Criterion Prediction #139: Shame, by Alexander Miller


: Shame

Year: 1968

Director: Ingmar Bergman

Cast: Liv Ullmann, Max Von Sydow, Gunnar Bjornstrand, Sigge Fürst, Birgitta Valberg

Synopsis: A mild-mannered couple, Jan (Sydow) and Eva (Ullmann), reside on a remote island while a civil war is waged around them. Despite their neutrality circumstances pull them into the conflict straining their relationship and their morals as they face the horrors of war.

Critique: Ingmar Bergman made a war movie. That feels about as strange as saying “Terrence Malick is going to direct the next Justice League movie” (I’d pay to see that though). And Shame is more than a terse, allegorical war film; there are soldiers sporting machine guns, explosions, fires, and jets. But this is still recognizable Bergman territory. It’s a small cast of recognizable players from his stock company. The locale is the remote Faro Island, which the director took as his residence and used as a location for the bulk of his career (post Through a Glass Darkly). The saturated black and white photography is by the director’s recurring cinematographer Sven Nykvist. The film is still worked out in measured scenes with static framing and dialogue-driven character development. But, Shame is visibly more ambitious; Bergman isn’t trying on a new coat in exploring war but is finding a new means of excavating revelatory emotions and psychological layers.

Sure, it delves into the inherent existential tumult of war. And Bergman pushes the protagonists, Eva and Jan and how far they are willing to shame themselves, making us wonder if their actions are a product of their need to survive, or is this couple already doomed, and their disintegration an inevitability that is accelerated by this nondescript civil war.

Personal dissolution, the disintegration of relationships and the internalized struggle of identity; this is all common thematic territory for Bergman but Shame doesn’t rest on religion or any faith-based narrative. War is somewhat new for the director (The Silence had it rumbling in the background) but at this point in his career, as he veered from more romantic, period dramas, his heady explorations became more internal and consolidated. These stark realizations are shorn of period atmosphere, superfluous set dressings and flashy camera movements. Bergman’s oeuvre post Through a Glass Darkly is intimate, modern and as a result, more emotionally charged and affecting. Shame marks an ascension for a director who was continually growing. Shame is a provocative and jarring title that is a singular entry in the director’s filmography. This modern era yielded some of Bergman’s best work and, following Persona and The Hour of the Wolf, Shame is one of his strongest.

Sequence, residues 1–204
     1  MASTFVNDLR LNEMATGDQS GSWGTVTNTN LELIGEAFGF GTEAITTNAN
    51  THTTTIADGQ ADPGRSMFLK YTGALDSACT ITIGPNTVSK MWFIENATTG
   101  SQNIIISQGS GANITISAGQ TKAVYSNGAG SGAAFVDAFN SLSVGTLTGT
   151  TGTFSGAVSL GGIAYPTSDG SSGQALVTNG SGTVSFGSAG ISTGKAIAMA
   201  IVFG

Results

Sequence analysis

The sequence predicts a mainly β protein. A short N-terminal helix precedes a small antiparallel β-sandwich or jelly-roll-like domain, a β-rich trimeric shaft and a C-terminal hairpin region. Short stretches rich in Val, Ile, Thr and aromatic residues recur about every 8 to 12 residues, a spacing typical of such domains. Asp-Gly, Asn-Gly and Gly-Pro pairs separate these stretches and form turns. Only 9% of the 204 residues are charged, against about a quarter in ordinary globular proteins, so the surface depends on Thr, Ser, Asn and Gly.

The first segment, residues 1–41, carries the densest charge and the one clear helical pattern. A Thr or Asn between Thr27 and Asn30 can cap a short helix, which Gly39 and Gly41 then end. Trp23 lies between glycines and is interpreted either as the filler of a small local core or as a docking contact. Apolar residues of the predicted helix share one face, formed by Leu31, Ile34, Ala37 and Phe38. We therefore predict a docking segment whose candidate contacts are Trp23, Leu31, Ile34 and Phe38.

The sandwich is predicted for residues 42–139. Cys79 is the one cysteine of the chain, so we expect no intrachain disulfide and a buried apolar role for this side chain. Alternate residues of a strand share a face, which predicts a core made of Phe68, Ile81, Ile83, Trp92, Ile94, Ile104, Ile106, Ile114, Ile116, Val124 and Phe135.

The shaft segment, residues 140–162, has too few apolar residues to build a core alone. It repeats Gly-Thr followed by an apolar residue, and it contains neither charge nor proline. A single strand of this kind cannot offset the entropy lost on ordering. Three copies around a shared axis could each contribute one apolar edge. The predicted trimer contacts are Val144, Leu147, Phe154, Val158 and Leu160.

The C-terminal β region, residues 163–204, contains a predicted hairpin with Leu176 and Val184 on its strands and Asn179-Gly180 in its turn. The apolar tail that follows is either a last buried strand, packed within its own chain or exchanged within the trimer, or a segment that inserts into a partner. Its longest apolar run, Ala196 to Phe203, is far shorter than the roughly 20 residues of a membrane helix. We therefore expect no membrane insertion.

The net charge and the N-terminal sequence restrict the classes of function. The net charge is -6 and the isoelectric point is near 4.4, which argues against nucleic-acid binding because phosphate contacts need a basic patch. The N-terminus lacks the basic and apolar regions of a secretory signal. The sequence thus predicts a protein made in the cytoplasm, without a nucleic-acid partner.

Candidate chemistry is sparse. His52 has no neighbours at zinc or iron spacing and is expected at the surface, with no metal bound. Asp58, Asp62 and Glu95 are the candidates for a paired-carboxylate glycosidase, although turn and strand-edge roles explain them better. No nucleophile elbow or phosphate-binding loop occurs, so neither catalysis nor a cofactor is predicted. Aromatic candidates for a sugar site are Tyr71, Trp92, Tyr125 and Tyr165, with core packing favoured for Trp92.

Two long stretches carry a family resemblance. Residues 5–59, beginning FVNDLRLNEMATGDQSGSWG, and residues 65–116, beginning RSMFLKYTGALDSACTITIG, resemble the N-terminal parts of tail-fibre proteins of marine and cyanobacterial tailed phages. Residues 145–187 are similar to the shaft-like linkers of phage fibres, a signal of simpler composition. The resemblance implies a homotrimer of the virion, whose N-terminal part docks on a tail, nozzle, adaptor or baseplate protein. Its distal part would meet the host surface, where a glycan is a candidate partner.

Less angsty and more incisive here, Bergman is making a statement rather than postulating philosophical quandaries and it’s evident that he’s striving to do so without having a partisan attitude.

Why It Belongs in the Collection: There was a period when Criterion had released a bulk of classic and contemporary films from Bergman. The Seventh Seal, Wild Strawberries, The Virgin Spring, Fanny and Alexander, Scenes from a Marriage, Autumn Sonata, Smiles of a Summer Night, The Magic Flute, Through a Glass Darkly, Winter Light, and The Silence. Later on, they would include an Eclipse set with five of his earlier works, Summer Interlude, Summer with Monika, The Magician and Sawdust and Tinsel. But the major release that proved Criterion could break into this series of Bergman movies by releasing Persona. A movie that was formally exclusive to an MGM/UA set that also contained said film, along with The Serpents Egg, The Passion of Anna, The Hour of the Wolf, and a disc of supplemental materials. While I don’t think anyone will mourn the relative absence of The Serpent’s Egg (one of the directors more panned efforts), there’s still a viable market for Criterion to release The Passion of Anna, The Hour of the Wolf (Criterion Prediction #60) and, of course, Shame. Seeing as Persona was such a successful title for them, it makes sense to draw from this prolific era of Bergman’s career.

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